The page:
I'm in the fortunate position of having an external copy editor who acts like an old-fashioned editor, as well as my own inhouse editor (who is also a real stickler). Between the pair of them, they make the most astute and insightful observations which make me say 'Oh yeah, why on earth didn't I think of that?' And so even though I want to throw the corrected ms. at the wall and say it's finished - "I don't want to make any more changes!", I invariably battle on to insert/add/rewrite the relevant sections because they make the books so much better.
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juleswatson
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Post by juleswatson » Mon May 10th, 2010, 10:53 am

This is so timely Michelle, because I am entering my last week of edits before they are finally, finally due. Due to various reasons (compassionate "leave" to Australia, moving to the US, house renovations to let us move to US) this book has been written over 18 months. I handed it in with a big flourish, arrived here all jet laggy and thought I would have a month maybe to settle in, put some roots down, relax etc etc and then be all fresh to do rewrites - and instead I just got here and got them back a WEEK later. (which is actually great in some ways because it meant there were not large things to do) I was so resistant about going straight back to work!!! I also have just been gritting my teeth, thinking "I am SO over it" So tired, so drained, so "have given my all". And then something strange happened, and I realized it was my last chance to be with these characters, last chance to make it better, and I fell back in love with it. In once more going over the part with the famous mythical fight between the Celtic heroes Cuchulainn and Ferdia, I suddenly thought, "This is the one of the most famous, tragic and moving sword battles in all ancient myth and I actually got a chance to write it" (write it again in my way I mean) And suddenly I felt very honored that I had the chance to reimagine a great tale of myth / history and put my own spin on it; feel it through me. I started to feel very grateful for that (and it was only tiredness making me feel ungrateful, I hasten to add). So now, entering the last week I feel emotional and willing to do my best, rather than "blah, I am so over it" And now, I do feel that I have done the best I could in the time and circumstances I had, and I feel proud rather than rushing it off my desk, and that is the way you should hand a book in, after all. So yes, very timely. And thank the gods!!! :eek:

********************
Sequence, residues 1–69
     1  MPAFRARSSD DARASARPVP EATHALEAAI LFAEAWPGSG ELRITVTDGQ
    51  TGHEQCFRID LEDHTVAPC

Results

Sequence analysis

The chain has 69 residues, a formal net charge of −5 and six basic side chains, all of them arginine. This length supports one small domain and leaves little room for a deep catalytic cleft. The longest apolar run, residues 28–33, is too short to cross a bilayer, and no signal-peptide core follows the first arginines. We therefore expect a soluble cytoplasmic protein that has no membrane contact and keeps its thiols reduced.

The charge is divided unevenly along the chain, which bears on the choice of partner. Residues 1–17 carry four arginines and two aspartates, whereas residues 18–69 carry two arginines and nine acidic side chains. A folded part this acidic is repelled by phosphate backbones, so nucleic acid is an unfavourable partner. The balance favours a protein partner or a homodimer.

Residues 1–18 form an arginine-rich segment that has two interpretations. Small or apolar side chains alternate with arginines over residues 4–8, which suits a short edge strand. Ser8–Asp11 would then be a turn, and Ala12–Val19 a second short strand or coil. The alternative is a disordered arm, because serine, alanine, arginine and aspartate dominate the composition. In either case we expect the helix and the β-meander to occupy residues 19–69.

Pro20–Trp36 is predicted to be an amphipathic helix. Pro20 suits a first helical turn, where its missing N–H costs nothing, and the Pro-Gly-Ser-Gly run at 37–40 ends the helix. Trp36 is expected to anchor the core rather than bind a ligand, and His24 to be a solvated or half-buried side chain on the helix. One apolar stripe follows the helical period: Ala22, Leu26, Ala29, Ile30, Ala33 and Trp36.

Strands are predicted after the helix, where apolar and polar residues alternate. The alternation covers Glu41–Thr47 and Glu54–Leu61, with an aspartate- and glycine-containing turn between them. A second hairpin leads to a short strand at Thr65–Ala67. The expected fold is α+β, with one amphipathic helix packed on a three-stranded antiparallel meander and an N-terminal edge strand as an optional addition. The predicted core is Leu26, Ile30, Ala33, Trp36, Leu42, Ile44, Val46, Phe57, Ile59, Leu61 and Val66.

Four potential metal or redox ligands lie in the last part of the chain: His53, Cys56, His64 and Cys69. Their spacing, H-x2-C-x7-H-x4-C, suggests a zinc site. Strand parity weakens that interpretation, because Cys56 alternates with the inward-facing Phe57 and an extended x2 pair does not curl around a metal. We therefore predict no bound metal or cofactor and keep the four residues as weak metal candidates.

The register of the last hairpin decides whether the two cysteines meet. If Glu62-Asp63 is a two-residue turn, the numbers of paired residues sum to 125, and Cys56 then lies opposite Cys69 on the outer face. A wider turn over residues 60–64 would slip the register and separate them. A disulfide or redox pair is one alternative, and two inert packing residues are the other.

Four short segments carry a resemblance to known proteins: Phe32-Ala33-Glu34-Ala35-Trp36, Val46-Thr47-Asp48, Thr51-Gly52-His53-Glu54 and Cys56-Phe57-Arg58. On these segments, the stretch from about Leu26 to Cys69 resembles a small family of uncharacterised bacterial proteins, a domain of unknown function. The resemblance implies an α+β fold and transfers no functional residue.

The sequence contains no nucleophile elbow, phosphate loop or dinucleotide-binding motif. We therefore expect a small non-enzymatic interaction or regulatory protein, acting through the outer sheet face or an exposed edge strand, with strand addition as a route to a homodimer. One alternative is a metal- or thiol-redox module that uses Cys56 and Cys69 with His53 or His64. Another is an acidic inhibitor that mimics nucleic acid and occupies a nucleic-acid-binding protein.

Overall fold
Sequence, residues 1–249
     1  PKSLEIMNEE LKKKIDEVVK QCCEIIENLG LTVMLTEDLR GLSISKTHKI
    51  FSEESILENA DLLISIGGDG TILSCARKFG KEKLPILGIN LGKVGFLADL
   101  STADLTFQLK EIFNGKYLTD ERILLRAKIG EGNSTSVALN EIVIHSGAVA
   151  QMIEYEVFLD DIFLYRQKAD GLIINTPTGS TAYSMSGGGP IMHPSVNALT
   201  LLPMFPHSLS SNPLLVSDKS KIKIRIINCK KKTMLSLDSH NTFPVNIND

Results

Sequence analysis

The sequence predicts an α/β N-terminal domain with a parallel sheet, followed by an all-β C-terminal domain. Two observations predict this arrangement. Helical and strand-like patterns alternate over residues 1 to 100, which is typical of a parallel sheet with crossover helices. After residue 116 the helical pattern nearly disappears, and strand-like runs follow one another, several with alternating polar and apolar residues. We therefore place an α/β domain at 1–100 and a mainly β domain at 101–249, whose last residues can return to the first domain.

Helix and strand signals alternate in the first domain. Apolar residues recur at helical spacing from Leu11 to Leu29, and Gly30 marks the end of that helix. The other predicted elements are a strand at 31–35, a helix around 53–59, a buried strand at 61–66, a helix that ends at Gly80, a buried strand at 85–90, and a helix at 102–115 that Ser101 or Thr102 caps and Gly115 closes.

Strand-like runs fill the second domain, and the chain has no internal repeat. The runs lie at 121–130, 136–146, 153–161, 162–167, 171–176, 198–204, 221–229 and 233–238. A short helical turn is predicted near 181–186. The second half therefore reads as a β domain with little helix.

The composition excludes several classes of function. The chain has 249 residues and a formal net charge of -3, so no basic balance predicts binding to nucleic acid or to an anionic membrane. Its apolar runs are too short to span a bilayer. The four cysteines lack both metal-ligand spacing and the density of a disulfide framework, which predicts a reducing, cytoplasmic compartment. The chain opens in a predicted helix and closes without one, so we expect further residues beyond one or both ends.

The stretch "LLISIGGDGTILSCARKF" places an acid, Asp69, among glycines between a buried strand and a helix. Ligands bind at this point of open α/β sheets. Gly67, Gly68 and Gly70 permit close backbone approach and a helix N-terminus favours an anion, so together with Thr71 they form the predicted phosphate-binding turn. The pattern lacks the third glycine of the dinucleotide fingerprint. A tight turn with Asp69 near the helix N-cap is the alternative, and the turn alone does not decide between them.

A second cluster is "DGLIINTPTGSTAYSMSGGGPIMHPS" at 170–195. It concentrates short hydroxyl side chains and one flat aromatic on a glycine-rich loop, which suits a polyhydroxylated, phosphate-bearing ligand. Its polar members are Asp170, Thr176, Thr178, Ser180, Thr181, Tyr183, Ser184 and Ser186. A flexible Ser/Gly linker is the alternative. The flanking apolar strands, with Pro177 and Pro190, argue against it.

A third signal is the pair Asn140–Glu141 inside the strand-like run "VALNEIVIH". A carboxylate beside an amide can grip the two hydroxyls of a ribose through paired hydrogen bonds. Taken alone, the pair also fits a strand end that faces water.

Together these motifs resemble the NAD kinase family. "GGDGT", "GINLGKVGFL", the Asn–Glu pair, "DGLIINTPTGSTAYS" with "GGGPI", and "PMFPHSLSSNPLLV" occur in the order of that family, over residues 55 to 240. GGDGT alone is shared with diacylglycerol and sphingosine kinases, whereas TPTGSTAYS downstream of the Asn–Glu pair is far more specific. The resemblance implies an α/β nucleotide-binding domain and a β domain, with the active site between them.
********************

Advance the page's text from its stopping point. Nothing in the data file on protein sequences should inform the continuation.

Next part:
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Post by Libby » Mon May 10th, 2010, 8:54 pm

I'm a perfectionist and I enjoy editing. I've just finished a very last minute and rushed edit for my novel and I wish that I'd had much more time and input from the publisher/editor. I was willing to do so much more.
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Post by fljustice » Mon May 10th, 2010, 11:48 pm

I've been avoiding the vast email with edits/suggestions on my second novel for three months. I guess it's more than time to get started. Thanks for the post - very inspiring!
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MLE (Emily Cotton)
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Preferred HF: Currently prefer 1600 and earlier, but I'll read anything that keeps me turning the page.
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Post by MLE (Emily Cotton) » Tue May 11th, 2010, 1:32 am

Editing can get wearying, no question about it. But whenever I get tired of it, I hark back to my home-design days, when I used to tack a blueprint up on the hall wall along with the client's list of priorities, and think about it every time I went past. There were so many great changes that I thought about during that time which I didn't think of on the first pass.

Unlike writing, once you start building it, getting that better idea half-way-though can really cost in workman's hours, client dollars and materials.

I understand that those who must write for a living cannot afford to tweak the manuscript endlessly. But the quantity of tweaking directly affects the quality of the product. The more, the better.

I tell my stories orally to an audience first. I have several anecdotes that I have told for years, and they are almost always sure to get a laugh/ keep the audience on the edge of their seats, or whatever the point of the story is. The old ones are much better than they were when I first told them, because I have honed the order of presentation, the words chosen, and the punchlines. One reason I am slow to seek any sort of publication where the words are 'set in stone' is because I would hate to be stuck with yesterday's way of telling when today I have thought of a better one.

Yes, I sometimes get sick of the old story. But with each new hearer, it becomes a new story, because it is combining with that person's life experience to reveal interesting ramifications, and their reaction to it is new. That is something I never tire of.

Learned to measure the effect of words chosen doing fundraising for nonprofits. If it doesn't catch their hearts, it won't bring in the money.

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Post by SarahWoodbury » Tue May 11th, 2010, 2:19 am

And as a first step, the editing paid off as my agent called today and says the book is ready to go out to publishers! Yay!